|Home||Back||Forward||October 17, 1998: Looking backward and forward|
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We received this rather upsetting email from our friend Olga in Petropavlovsk. It is a pretty clear description of the situation in Russia as winter moves in:
We once again got back safely from another eventful season in Russia. This year we returned on one of Alaska Air Lines last flights and there is uncertainty as to whether they will fly there again for some time. We were also very concerned for everyone's well being as they bravely face a unthinkable winter with the possibility of no heat or power. For a city of 400,000 people, this seems to us a horrible prospect. We left behind all the things we could think that might be useful to our friends, before we got on the plane and also did as much work as possible to ensure that we would have all our political ducks lined up for future work there. Barring a total break down in that country, we will go back in the spring.
We left our cubs with far better prospects for good times than the average Russian as they are assured lots of food, and skills to secure it, plus the "know how" to create for themselves a reasonably warm place for the winter. The summer with them was delightful as it provided us with a wonderful window into their lives as they developed their independence and took on the world as though they owned it. Except for the odd bear that is bigger than they are, they have possession of a large area of wilderness. We also gained much more valuable experience fine tuning our methods of dealing with encounters and living with bears in general. (details will be provided in our annual report forthcoming). Being with our cubs was a constant source of amazement for the uneducated bears, who happened onto the rather strange procession of people and cubs enjoying a morning walk together. It certainly seemed to provide a shortcut to gaining respect, which we find to be one of the key ingredients to being safe with these animals. The few people who have found their way to our cabin, like Rick Paddock, the Moscow correspondent for the Los Angeles Times, sighted the experience of walking with the cubs as the ultimate feeling of being a part of nature. He claimed it to be among the five best and interesting times he has had, writing columns for 20 years as a reporter for the LA paper. With the Russian economy coming apart just as he got back to Moscow, he has had to put this "nice story" on hold until everyone in the USA has their fill of the tough stuff and are ready for a positive hit, probably October or November, he thought in our last e-mail from him.
There is a lot of interest in our work suddenly, due in part to our summer web page diary entries. With the photos that we were able to take and immediately include with our page, this made interesting browsing, as they to say. We had a wonderful, front page spread in our local paper, the Calgary Herald on (Canadian) Thanksgiving weekend and the documentary "Walking With Grizzlies" is being shown on the Discovery Channel October 18th and 25th in Canada and February 14th in the US. In the States, it is called "Walking With Giants,-- Grizzlies Of Siberia". Maureen will exhibit this summer's art at Masters Gallery in Calgary. We will kick off the exhibition with a slide show. She is also working hard on the preparation for a Canada wide exhibition opening at Calgary's new Muttart Gallery next fall, called "Though The Eyes of The Bear" which will be a fresh look from an artists perspective of the emotional side of a bears nature. I am about to get started on my Kamchatka book for which I have a mountain of material to work with after three years of exposure to a multitude of bears plus the adventure that goes along with living and flying in that incredible part of the world.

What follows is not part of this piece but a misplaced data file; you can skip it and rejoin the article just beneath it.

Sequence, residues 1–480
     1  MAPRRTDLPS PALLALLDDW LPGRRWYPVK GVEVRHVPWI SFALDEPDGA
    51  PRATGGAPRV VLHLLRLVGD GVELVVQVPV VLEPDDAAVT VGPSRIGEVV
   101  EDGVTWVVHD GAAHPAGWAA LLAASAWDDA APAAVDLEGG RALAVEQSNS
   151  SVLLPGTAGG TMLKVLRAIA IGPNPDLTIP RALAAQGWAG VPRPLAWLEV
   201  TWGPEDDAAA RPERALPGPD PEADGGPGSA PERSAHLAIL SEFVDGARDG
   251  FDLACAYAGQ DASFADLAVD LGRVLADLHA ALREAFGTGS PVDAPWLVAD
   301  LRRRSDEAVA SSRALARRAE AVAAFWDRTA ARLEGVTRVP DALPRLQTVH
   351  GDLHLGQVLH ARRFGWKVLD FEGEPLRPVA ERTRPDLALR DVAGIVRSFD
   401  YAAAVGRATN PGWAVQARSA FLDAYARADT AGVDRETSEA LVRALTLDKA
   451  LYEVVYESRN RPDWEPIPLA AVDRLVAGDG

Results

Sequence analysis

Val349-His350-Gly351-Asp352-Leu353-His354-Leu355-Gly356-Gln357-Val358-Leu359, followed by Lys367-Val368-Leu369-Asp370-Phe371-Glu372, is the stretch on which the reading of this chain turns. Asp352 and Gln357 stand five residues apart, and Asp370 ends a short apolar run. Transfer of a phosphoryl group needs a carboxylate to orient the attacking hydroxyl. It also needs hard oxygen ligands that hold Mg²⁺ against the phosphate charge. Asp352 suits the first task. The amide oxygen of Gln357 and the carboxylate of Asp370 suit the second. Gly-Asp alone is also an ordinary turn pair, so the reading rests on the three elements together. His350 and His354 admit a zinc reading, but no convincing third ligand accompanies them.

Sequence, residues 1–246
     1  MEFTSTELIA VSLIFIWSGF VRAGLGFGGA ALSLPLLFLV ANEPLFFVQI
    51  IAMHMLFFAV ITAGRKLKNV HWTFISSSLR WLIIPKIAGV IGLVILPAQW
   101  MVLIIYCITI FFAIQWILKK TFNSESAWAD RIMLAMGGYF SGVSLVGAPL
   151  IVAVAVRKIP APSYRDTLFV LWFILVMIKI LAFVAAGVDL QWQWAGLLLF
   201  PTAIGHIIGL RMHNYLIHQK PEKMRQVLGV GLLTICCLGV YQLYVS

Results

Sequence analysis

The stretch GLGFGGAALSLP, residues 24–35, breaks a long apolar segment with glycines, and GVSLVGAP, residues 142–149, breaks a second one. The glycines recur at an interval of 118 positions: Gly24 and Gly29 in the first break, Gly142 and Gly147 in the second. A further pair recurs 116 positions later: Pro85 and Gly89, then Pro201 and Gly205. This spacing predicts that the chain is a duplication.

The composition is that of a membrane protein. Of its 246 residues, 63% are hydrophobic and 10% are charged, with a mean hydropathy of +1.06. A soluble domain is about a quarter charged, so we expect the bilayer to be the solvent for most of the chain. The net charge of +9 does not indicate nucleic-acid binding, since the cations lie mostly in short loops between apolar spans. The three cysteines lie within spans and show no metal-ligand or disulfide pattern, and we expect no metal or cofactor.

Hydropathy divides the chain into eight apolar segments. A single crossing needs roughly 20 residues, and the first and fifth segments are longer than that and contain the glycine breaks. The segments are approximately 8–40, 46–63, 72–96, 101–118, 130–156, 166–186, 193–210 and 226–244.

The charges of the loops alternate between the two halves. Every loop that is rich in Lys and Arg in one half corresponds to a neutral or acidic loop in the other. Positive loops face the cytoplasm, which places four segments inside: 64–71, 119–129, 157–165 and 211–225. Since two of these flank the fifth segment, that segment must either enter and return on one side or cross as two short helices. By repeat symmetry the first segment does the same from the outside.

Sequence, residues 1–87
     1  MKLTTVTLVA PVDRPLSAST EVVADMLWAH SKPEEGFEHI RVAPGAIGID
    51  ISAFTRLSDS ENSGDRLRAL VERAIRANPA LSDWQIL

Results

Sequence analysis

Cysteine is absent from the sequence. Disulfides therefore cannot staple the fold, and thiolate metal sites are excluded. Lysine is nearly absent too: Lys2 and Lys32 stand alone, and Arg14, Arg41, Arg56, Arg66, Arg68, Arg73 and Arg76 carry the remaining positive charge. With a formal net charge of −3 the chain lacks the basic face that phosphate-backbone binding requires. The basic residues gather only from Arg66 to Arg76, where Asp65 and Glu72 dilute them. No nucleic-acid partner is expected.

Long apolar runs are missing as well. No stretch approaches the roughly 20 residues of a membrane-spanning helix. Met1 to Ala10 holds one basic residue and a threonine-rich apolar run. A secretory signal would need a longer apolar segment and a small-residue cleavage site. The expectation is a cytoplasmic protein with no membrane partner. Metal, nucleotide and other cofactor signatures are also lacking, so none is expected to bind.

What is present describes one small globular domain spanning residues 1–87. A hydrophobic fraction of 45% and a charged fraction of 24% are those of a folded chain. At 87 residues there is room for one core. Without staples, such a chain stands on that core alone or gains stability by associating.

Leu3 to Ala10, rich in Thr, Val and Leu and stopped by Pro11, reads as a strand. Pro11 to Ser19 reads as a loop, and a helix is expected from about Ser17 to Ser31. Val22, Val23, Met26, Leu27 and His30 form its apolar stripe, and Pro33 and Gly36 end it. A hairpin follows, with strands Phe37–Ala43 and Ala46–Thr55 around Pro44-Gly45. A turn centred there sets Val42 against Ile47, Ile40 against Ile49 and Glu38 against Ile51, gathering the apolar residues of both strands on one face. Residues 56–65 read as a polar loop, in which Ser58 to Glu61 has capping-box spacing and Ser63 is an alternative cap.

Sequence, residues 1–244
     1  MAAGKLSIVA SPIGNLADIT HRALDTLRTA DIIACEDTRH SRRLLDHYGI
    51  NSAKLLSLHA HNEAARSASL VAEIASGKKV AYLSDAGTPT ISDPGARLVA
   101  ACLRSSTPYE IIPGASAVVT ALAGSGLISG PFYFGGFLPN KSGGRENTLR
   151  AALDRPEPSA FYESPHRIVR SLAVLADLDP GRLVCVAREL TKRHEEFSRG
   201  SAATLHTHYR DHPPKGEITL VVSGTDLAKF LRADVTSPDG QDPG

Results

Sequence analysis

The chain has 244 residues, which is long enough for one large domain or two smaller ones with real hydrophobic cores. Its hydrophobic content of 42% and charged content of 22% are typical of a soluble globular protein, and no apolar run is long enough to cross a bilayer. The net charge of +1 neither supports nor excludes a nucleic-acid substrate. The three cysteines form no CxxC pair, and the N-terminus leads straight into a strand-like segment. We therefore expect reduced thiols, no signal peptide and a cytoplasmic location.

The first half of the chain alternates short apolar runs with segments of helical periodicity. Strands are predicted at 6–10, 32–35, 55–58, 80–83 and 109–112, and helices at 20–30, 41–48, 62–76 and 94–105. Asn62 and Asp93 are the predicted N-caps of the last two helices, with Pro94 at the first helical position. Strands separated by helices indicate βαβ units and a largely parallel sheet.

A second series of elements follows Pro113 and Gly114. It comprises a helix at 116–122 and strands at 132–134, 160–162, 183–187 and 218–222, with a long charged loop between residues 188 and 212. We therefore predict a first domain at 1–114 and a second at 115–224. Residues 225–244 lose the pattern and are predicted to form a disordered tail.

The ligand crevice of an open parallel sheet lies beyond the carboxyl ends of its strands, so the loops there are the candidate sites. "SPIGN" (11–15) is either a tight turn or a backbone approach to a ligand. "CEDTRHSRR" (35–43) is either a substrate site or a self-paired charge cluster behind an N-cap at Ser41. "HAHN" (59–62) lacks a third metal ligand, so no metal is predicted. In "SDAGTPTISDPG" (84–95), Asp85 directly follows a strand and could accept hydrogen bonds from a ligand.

Chico, Biscuit and Rosie have developed into ambassadors to all Russian bears and we hope, bears everywhere. We have grown sensitive to their likes and dislikes in our everyday exposure to them in what has become their domain and we have taken on the responsibility of showing others how wonderful bears can be if treated in the ways they have shown us to be acceptable. We plan to maintain this relationship with them until we have the opportunity to experience their cubs or, at the risk of being cute, our grandchildren. This, we feel, would be the ultimate way to draw our study to a close as we feel our serene relationship with them is sustainable indefinitely and in fact, they have gained respect and learned to accommodate our fragility as they have gotten bigger. The trick in all this will be in surviving all that Russia keeps putting in our way as they struggle to come to terms with the difficult situation that they now find themselves in. My plane will get even more important as a tool to survive there as helicopters get even more prohibitive in cost and reliability. Of course flying won't get any easier for me as sometimes I feel I have pushed my luck about as far as I should go in that difficult environment.
We are working on our various reports and will send out the annual report in November. We will also try to make updates to our web site as often as we can. The first board meeting of the foundation we established, the Cloud Line Environmental Foundation, was held and it looks very promising that it will be given a tax number soon for Canada. The board's plan is to put some effort towards establishing an endowment which among other things, will help Maureen and I continue our work with bears in years to come. We are very pleased at how things are working out thanks to all the support we get from all of you.
Kind regards, Charlie and Maureen